Here is the definitive guide to what should go on your CV for all phases of your CFA qualification process. The following diagram summarizes everything you’ll need to know to do this correctly.

how to correctly show cfa on resume or CV

To indicate your CFA qualification status on your resume/CV: 

  • put “CFA Institute” as an educational awarding body in the “Education” or “Professional Development” section, and
  • list your current status as your most recent qualification. For example (choose level as appropriate):
    • CFA Exam Level I / II / III candidate;
    • Passed CFA Exam Level I / II / III (date); or
    • CFA Charterholder (date)
  • Finally, only for those who have been awarded the CFA charter, you can also place the marks “CFA” or “Chartered Financial Analyst” after your name in the header of your CV/resume. For example:
    • Jon Snow, CFA
    • Jon Snow, Chartered Financial Analyst

​The exact wording of your status will depend on where you are in the program. As shown above, at each stage of your CFA Program qualification process, you have to clearly state whether you are a candidate, or you have passed. You can only state that you are a candidate if you have registered for the exam, i.e. passing Level I does not automatically grant you “Level II candidate” status.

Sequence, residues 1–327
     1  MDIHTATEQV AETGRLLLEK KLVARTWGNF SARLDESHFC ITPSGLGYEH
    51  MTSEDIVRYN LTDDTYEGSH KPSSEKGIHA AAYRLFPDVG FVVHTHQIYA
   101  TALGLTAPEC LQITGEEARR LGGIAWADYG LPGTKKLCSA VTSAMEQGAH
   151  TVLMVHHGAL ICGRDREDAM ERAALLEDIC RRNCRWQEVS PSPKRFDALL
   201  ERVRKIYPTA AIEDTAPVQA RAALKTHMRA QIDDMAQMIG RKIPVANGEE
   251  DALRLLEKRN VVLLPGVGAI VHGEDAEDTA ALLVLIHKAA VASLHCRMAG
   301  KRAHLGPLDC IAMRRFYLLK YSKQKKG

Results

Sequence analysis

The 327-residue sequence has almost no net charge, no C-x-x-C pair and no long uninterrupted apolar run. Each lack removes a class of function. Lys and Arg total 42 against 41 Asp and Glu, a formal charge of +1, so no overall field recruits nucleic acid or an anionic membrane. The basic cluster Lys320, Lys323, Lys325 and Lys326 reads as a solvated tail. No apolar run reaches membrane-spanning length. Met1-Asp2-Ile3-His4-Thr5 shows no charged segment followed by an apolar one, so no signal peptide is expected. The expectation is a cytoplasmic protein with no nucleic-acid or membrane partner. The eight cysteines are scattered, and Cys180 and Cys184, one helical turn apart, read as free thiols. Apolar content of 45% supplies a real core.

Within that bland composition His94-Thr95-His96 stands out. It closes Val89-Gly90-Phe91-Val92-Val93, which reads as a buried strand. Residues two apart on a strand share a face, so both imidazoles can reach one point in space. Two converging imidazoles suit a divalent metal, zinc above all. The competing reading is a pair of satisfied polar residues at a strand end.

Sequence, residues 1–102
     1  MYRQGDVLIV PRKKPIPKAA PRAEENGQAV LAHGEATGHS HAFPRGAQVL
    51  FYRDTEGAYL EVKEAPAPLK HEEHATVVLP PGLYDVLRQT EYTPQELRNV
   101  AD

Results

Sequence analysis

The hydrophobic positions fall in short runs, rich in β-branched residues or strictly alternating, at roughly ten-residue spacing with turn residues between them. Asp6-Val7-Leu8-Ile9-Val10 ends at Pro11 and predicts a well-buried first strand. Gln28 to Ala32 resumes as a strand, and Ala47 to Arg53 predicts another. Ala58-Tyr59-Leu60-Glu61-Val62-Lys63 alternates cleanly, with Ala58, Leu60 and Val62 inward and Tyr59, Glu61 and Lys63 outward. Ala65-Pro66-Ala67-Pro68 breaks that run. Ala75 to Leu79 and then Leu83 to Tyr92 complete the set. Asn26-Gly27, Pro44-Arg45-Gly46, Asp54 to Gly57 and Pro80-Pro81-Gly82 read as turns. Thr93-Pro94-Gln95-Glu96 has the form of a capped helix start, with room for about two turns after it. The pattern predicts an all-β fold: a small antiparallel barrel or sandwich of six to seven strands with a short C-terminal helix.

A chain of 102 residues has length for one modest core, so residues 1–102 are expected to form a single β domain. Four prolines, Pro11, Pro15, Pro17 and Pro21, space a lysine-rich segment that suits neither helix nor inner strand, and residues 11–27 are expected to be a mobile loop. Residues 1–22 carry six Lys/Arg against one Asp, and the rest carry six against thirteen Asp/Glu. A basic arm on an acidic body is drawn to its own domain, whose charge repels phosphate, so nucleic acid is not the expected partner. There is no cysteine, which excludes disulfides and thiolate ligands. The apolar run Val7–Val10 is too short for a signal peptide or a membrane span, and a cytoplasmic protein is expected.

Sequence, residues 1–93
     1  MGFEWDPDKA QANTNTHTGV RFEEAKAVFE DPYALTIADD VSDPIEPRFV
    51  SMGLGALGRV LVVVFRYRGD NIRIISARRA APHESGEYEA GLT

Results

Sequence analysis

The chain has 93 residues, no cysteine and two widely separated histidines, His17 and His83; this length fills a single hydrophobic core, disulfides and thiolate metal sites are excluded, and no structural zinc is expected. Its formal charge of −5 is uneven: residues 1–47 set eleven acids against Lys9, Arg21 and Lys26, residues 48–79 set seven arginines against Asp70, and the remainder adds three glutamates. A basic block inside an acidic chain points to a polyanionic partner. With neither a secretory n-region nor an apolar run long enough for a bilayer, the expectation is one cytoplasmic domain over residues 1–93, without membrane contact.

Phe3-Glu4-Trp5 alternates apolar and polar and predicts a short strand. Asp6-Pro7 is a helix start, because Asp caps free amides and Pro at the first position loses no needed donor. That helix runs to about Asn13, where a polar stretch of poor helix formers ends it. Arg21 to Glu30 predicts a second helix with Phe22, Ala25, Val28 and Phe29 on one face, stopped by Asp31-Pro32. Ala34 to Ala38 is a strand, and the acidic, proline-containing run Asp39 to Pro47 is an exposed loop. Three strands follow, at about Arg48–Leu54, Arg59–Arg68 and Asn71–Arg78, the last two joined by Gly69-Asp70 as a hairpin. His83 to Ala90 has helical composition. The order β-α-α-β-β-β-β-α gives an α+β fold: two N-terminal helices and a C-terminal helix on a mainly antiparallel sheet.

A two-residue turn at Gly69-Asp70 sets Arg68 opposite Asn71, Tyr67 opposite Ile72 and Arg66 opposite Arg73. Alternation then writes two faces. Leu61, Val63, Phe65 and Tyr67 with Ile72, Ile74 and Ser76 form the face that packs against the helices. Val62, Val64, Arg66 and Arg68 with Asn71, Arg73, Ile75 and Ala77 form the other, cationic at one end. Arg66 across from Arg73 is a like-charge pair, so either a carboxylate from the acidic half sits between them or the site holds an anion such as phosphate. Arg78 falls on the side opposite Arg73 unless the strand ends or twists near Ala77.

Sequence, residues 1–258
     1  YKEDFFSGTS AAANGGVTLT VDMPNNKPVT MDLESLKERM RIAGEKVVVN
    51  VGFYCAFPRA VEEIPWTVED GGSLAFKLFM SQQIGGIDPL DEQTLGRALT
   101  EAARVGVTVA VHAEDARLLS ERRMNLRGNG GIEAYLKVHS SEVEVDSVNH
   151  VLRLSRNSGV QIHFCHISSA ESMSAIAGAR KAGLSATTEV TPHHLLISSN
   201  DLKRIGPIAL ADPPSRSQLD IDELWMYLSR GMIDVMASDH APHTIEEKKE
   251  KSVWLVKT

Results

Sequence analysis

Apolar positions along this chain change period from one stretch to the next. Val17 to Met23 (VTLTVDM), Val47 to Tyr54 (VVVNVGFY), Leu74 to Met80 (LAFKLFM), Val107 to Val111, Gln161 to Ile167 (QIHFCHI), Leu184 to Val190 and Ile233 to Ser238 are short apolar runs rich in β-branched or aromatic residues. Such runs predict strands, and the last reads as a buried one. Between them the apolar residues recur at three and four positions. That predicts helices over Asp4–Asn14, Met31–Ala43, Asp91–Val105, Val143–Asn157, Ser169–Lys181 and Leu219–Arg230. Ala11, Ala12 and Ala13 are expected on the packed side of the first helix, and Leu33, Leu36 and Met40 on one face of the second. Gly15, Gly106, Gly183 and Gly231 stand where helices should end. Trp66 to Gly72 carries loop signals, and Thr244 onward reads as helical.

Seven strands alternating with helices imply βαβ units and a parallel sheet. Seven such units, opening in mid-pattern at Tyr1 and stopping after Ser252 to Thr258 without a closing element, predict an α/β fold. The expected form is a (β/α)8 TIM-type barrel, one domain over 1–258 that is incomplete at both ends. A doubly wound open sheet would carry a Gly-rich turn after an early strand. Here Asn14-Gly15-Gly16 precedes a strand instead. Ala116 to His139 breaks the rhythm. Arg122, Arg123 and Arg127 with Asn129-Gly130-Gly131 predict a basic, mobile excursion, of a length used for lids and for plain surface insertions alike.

Remember that charterholders can only use the trademarks “CFA” or “Chartered Financial Analyst” if:

  • they are fee-paying members of CFA Institute (annual membership dues of USD 275);
  • they are not subject to certain Professional Conduct violations; and
  • their rights to use the CFA designation have not been suspended or revoked.

Note that we won’t be covering finer points such as what should you EXACTLY write on your CV come charterholder status, (e.g. not using the phrase “Jon is a CFA” and all the rest). I’m going to assume you already know this from your Ethics studies (if not, you may need to brush up on this). Else, happy to elaborate on this in a future post, just let me know in the comments below or the Forum.


Frequently Asked Questions: CFA Status on Resume CV

Can I use “CFA Charter Pending” if I’m just waiting for work experience?

No, you can’t. The point to keep in mind is that you cannot state, or even vague imply that you are a CFA charterholder, until you are actually one. There are many CVs and LinkedIn profiles that will state otherwise – a repeat offender is “CFA Charter Pending”, “CFA, Expected 20XX” or something similar. This is a violation of Standard VII(B) of CFA Institute Ethics and Professional Standards, and you could be sanctioned by CFA Institute for that. 

If you have passed all 3 exams and are just waiting for work experience, I do agree with you that passing the exams is the hardest part, but you still can’t imply charterholder status, or caveat it with some sort of “pending” disclaimer.